Staving off Alzheimer’s has many schools of thought


Do you remember what I wrote about Alzheimer’s last month. I’m fuzzy about it, too. Here’s a restatement.


A cross section of healthy brain, left, is compared to a brain afflicted with severe Alzheimer's disease.

More than a century ago Alois Alzheimer described misshapen proteins, or peptides, in the brains of patients with dementia. Studies seem to confirm an association, but not necessarily cause and effect. Treatments to clear these proteins from the brain have produced disappointing results. While we wait for clarification, what might help?

1 Can we fight deterioration with activity? Academic achievement and maintaining social contacts are among activities that seem to sustain functioning levels, in the presence of brain damage. One explanation is that there is value in building cognitive reserve. Many studies support that idea, including one reported March 2003 in Archives of Neurology. It showed that maintaining intellectual interest, improved functional capacity despite worse changes in PET scans.

My comment: Keep reading my column, books, whatever. Keep involved in society. There are potential arguments about cause and effect, but the weight of available data supports the idea of staying mentally and physically active.

2 The concept that fasting at least twice a week seemed goofy to me, but it got ink in the U-B on Nov. 15, 2013. What’s that about? We don’t really know.

The U-B article includes a blast from a university dean who said, “There will be some buzz, and then the diet will go away, never to be heard from again.”

On the plus side, there are supportive studies, including a report in May 2010 that showed alternate-day fasting in rats also offered cardiovascular protection and improved glycemic control. This and similar research imply a beneficial role connected with the metabolic syndrome.

My comment: It warrants study in humans. Until then, we should assume that the outcome might show it offers no benefit, or a negative outcome.

3 Have you tried the Mediterranean diet? Did it make you smarter? If you want the bottom line, evidence supports the conclusion that people who follow the diet live longer, have less heart disease and probably decrease dementia risks substantially.

It’s not clear why. The degree of adherence to the diet plays a role. Following it over a lifetime may be more significant than late adoption, but I can’t conclude that with certainty.

Extra-virgin olive oil has components called phenols. They perform potentially important functions, resulting from anti-inflammatory, antimicrobial and antioxidant capacities. The oil is polyunsaturated, believed to be the healthy form.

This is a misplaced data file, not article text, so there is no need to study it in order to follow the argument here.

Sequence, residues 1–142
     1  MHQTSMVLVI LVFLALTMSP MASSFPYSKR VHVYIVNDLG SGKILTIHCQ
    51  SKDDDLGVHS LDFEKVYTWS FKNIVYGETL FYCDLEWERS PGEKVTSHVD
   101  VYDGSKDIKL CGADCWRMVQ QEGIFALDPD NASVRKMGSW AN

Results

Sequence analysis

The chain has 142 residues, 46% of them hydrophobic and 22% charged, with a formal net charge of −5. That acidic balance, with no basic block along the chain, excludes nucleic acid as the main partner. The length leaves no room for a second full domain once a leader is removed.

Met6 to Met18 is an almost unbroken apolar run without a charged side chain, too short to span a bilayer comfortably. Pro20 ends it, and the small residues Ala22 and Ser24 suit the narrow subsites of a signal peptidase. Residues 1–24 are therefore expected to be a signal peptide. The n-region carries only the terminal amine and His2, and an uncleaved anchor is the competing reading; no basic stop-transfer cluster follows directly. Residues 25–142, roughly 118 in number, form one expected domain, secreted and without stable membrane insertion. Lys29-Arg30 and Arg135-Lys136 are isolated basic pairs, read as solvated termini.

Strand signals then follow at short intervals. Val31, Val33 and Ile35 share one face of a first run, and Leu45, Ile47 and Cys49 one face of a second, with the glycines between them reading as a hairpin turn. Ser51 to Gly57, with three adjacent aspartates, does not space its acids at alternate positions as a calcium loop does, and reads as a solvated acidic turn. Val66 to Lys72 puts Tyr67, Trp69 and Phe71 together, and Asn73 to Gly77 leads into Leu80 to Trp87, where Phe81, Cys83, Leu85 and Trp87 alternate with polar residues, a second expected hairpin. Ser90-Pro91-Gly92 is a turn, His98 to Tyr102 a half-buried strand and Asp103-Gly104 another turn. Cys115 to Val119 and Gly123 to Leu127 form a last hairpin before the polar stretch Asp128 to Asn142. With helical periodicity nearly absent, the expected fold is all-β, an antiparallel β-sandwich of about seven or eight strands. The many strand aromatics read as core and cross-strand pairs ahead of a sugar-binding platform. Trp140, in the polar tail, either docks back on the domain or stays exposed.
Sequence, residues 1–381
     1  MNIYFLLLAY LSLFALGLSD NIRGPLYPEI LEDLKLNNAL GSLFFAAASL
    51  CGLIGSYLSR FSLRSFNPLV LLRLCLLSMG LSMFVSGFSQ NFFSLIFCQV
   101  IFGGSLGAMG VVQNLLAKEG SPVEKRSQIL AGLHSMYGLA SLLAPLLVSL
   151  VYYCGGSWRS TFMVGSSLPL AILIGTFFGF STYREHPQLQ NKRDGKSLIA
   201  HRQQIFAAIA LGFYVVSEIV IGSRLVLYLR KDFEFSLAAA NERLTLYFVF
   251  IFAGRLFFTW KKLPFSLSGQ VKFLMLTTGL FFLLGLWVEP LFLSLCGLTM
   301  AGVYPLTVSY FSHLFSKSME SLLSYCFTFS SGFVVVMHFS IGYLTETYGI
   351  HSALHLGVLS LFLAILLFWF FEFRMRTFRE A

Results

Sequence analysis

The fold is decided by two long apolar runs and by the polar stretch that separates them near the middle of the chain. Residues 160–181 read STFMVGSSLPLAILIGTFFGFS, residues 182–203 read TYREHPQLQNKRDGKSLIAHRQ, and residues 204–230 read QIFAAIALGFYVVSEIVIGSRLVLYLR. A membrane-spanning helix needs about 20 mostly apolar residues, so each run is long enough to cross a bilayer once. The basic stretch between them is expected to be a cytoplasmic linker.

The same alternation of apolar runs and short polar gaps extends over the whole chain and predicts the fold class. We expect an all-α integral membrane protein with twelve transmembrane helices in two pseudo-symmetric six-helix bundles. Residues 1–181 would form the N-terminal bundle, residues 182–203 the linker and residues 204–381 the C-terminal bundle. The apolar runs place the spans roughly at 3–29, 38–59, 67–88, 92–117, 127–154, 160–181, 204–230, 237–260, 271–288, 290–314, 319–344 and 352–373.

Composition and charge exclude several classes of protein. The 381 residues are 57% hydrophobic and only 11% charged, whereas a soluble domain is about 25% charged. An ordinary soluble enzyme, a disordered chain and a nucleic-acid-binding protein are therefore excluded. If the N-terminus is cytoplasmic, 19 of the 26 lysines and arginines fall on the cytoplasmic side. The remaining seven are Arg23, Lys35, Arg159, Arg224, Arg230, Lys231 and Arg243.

Recommendations, if you choose this diet, include making fresh vegetables the center of meals; limiting red meats to a couple times a month and using fish or poultry a few times a week; using olive oil to dip bread, make salads and to cook; staying physically active; and eating meals with family or friends, mainly at home.

If you want to go a bit deeper, realize that epidemiologic studies are hard to interpret. Observations of increased longevity were reported in Greek villages in the mid-1990s. These villagers’ diets were, more or less, like what I’ve described but their life styles were very different.

Subsequent investigations have been made in France and the U.S. Not everyone agrees, but there is a pattern that supports my observations.

I must add I am also impressed by the importance of keeping sugar levels as low as you can. Don’t finish that healthy meal with pie and ice cream, except, sometimes.

Want more? Check the writings of Catherine Feart and check out the Mayo Clinic food pyramid for the Mediterranean Diet.

4 A recent Los Angeles Times article the U-B ran shows a correlation between beta-amyloid and cholesterol levels. The risk of over-interpreting correlation as causation can lead to bad choices. It is possible, for example, that some factor causes both, but neither is related. It is even possible that the beta-amyloid and tangles that Alzheimer described are markers of a disease, but not the cause.

That would mean getting rid of plaques and tangles wouldn’t cure or curtail dementia. In the parlance of a younger generation than I, “I’m Just sayin’.” I don’t have the answer, but I urge you to keep asking questions. That’s one of the ways to keep the old brain churning

5 Brain inflammation may play a role in the disease, but studies on anti-inflammatory drugs suggest they might have a preventive effect but also increase progression once the disease is established.

6 I could turn this subject into another book, but I don’t have time to promote the ones I’ve written.

I’ll end with the new studies in this January’s New England Journal of Medicine. Investigators used two antibodies to break up plaques of beta-amyloid. They tested subjects for clinical improvement. Although they apparently interrupted plaque growth, moderately severe patients didn’t improve and patients with mild disease gave a only hint of an effect. No subset met the criteria for success.

A new study is redesigning the approach to treat only mildly involved patients.

The current working concept of Alzheimer’s is that factors associated with aging produce an increase in beta-amyloid plaques. These promote fibrillary tangles and result in the death of neurons and brain shrinkage.

Answers may come out of that model or a different one that somebody is working on.

Dr. Larry Mulkerin is a retired clinical professor and oncologist who lives in Walla Walla. A former U.S. Army Green Berets medical officer with experience in the Middle East, he also is the author of “The Ayatollah’s Suitcase,” a novel available at and other online book retailers. He can be reached at


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